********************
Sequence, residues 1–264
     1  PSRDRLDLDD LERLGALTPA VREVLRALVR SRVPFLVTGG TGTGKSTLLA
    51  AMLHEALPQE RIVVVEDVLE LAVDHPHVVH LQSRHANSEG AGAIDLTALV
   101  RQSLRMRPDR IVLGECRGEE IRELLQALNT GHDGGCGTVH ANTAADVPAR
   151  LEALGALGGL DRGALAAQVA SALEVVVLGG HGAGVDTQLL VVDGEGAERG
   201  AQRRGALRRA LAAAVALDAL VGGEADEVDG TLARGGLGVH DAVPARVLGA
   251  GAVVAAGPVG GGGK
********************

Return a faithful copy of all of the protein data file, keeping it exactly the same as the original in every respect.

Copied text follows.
Sequence, residues 1–264
     1  PSRDRLDLDD LERLGALTPA VREVLRALVR SRVPFLVTGG TGTGKSTLLA
    51  AMLHEALPQE RIVVVEDVLE LAVDHPHVVH LQSRHANSEG AGAIDLTALV
   101  RQSLRMRPDR IVLGECRGEE IRELLQALNT GHDGGCGTVH ANTAADVPAR
   151  LEALGALGGL DRGALAAQVA SALEVVVLGG HGAGVDTQLL VVDGEGAERG
   201  AQRRGALRRA LAAAVALDAL VGGEADEVDG TLARGGLGVH DAVPARVLGA
   251  GAVVAAGPVG GGGK